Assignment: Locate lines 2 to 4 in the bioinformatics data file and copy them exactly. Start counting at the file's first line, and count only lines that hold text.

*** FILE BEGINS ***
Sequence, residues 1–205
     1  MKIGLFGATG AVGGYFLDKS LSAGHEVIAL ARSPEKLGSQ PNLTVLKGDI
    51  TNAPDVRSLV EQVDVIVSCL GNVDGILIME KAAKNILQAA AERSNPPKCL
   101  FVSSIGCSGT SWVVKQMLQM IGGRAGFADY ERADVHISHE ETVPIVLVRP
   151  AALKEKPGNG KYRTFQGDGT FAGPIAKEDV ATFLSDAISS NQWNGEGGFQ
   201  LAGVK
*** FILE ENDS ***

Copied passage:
     1  MKIGLFGATG AVGGYFLDKS LSAGHEVIAL ARSPEKLGSQ PNLTVLKGDI
    51  TNAPDVRSLV EQVDVIVSCL GNVDGILIME KAAKNILQAA AERSNPPKCL
   101  FVSSIGCSGT SWVVKQMLQM IGGRAGFADY ERADVHISHE ETVPIVLVRP